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How to Count the Omer

We count Sefiras Ha'Omer at night, from the second night of Passover ntil the night before Shavuos. Each night we count what number that day is, from one until forty-nine. We count the final night, number 49, the night before the Holiday of Shavuos.

We count the Omer while standing. (If you counted while sitting, don't repeat the blessing.) First we recite the blessing for counting the Omer, then we count the correct count for that night, and then we pray that the Holy Temple Service be returned to us in its proper place soon. Those who follow the Customs of the Arizal also add a preparatory prayer beforehand, as well as several prayers afterward. These prayers are not mandatory, but they are very beneficial, and they certainly help us better understand some of the deeper meanings of Counting the Omer.

One should count the Omer as soon as it is definitely full night according to the Torah. This is not done by visual confirmation, but by calculation. This is a complicated issue, so each community and individual must follow their own Rabbi. It depends on several matters, including the latitude of the area in which you live, and various issues concerning the calculations themselves. Instead of giving a long list of possibilities, I will simply tell you to do as your local Orthodox Synagogue does (if they are following the instructions of a Rabbi).

If you count too early, you have not fulfilled the Mitzvah at all. After the proper time begins, you must once again say the blessing, and count again.

Since you must recite the blessing before you count, don't mention the count for that night beforehand. So if someone asks you what the count is that night, answer by telling him what last night was. If you accidentally tell him "Tonight is the sixteenth," you may no longer recite the blessing that night.

If you make a mistake and count the wrong number one night, correct yourself as soon as possible, but do not repeat the blessing. By Law, you must know what number you will count that night before you say the blessing.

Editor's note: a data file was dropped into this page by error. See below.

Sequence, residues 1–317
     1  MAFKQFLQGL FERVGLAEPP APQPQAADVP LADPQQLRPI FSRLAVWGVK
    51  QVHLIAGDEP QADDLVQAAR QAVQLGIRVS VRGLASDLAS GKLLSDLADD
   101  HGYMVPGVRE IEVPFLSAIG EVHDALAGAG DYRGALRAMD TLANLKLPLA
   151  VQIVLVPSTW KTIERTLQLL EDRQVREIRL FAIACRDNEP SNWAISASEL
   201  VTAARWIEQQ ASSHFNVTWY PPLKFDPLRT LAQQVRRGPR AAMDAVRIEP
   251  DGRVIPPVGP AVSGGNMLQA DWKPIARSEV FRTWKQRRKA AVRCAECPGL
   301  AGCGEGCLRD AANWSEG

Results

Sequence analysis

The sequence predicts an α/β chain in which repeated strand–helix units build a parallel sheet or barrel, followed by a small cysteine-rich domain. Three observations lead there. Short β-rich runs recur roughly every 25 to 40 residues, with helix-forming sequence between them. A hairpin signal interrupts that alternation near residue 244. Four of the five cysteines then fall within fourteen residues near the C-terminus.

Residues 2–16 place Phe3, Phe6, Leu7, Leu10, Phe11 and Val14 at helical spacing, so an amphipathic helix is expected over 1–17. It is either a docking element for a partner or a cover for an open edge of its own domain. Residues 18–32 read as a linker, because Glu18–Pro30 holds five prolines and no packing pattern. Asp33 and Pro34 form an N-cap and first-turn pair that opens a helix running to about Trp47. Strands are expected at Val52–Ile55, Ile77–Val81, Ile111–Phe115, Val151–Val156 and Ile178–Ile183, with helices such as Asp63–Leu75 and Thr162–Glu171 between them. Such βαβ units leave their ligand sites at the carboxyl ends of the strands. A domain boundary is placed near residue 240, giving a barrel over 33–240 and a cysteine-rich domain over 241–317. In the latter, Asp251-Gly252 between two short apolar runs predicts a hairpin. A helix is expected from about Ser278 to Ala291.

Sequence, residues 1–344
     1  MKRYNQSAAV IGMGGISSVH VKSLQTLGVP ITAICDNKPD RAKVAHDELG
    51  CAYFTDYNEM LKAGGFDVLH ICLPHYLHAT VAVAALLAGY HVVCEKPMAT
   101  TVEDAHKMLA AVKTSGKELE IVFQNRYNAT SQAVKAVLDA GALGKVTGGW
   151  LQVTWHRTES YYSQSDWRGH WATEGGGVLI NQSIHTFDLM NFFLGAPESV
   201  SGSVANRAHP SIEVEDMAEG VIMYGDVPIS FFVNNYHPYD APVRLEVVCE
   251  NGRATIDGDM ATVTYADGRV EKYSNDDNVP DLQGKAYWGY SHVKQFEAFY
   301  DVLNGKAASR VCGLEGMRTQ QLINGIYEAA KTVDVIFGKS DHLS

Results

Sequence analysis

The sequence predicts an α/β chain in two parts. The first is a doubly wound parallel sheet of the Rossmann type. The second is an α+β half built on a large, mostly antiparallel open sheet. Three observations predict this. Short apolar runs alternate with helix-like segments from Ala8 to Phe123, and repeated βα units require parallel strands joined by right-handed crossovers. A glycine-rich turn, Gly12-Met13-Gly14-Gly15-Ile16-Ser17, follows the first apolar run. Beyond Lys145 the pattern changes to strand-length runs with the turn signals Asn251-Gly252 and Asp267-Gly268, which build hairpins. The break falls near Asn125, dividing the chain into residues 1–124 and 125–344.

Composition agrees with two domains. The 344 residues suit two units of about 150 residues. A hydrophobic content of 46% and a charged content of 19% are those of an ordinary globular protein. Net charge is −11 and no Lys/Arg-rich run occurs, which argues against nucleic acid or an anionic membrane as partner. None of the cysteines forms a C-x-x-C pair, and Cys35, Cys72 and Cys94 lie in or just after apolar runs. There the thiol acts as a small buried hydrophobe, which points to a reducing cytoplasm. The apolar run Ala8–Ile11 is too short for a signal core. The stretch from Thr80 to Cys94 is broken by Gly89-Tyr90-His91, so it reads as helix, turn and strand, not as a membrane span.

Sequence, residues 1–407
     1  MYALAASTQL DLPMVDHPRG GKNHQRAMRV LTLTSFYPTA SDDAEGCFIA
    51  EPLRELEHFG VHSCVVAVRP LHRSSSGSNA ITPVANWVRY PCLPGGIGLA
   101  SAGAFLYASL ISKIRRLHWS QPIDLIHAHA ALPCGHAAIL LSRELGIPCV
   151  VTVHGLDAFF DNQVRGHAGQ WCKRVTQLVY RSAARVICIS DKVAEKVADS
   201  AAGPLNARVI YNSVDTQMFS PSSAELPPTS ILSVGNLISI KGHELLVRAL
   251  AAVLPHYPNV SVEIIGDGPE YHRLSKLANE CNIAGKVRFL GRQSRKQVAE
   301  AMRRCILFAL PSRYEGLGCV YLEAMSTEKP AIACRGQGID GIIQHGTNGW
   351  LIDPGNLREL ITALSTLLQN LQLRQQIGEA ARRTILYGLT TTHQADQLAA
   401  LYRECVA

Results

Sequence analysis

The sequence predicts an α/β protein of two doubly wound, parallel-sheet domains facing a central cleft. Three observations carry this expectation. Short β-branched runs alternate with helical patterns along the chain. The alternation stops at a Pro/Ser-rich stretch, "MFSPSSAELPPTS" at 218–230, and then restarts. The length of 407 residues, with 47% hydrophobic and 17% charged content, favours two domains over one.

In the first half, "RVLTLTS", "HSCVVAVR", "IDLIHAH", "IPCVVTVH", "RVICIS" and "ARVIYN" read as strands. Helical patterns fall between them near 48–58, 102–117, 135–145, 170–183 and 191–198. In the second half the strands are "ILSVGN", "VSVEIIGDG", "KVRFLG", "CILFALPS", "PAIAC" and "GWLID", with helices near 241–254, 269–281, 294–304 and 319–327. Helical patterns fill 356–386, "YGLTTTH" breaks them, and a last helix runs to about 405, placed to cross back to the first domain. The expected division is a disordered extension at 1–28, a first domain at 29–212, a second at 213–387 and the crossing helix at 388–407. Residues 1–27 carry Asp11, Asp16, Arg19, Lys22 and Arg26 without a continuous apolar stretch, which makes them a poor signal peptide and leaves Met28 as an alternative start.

Do not say anything else at all between the blessing and the counting. If you say anything not related to the Counting of The Omer, you must repeat the blessing.

If you forget to count when full night begins, you can still count all night. If you forgot until the morning, you may count all that day, but without a blessing. The next night, you continue as usual, saying the blessing and counting, and continue incrementing each day, as usual. If, however, you passed an entire day without counting that day of the Omer, or if you counted the wrong number for that day and passed the entire day without correcting it, you may no longer recite the blessing for counting the Omer, even on subsequent nights.

So if, for example, you counted the Omer properly each night for 14 days, then on the fifteenth night you forgot to count the Omer, or you counted the wrong number, you should recite the number for that day the next morning, or as soon as you remember. If you forgot to count, and did not remember all the next day, and suddenly when you are ready to count the sixteenth night you remember that a whole day has passed without you counting, and that you never counted the fifteenth day, you must count the sixteenth night without a blessing. And not only the sixteenth night, but all the remaining days of that count. For the rest of the Omer that year you count but do not say the blessing. (The other prayers you may still say.) This does not affect your counting subsequent years. (The same applies if you counted the wrong number one night and did not correct it all day.)

If in the morning you are not sure if you counted last night, assume you did not, and count without saying the blessing.

If one night you are about to count the Omer, and suddenly you realize that you are not sure if you counted last night, assume you did, and say the blessing before counting.

If you are about to count, and you realize that you don't know what number to count, don't count. Wait until you find out what the correct number is for that day, even if you have to miss it the entire day. If you think you know what day it is but you are not sure, count without a blessing. If you find out the next day that you counted correctly, then subsequent nights you may say the blessing before counting.

The Torah tells us to count the weeks as well as the days. Therefore, once a week has passed, we mention the days and the weeks, and the days in the weeks. For example, on the eighth night of the Omer, we count "Today there are eight days, which is one week and one day, of the Omer." On the thirtieth night, we count "Today there are thirty days, which is for weeks and two days, of the Omer." And so on.

If one night you counted the day and forgot to count the weeks, you may still say the blessing before counting on subsequent nights.

It is forbidden to eat anything, or get involved in any work, before counting the Omer, for fear that we might forget to count that night.

If you do not understand what the words of the count mean, you should count in a language you understand.

For the prayers, blessing, and the count itself, the best approach is to buy a prayerbook called the Artscroll Siddur, and recite as printed there. You can buy a copy at Tiferes Stam.

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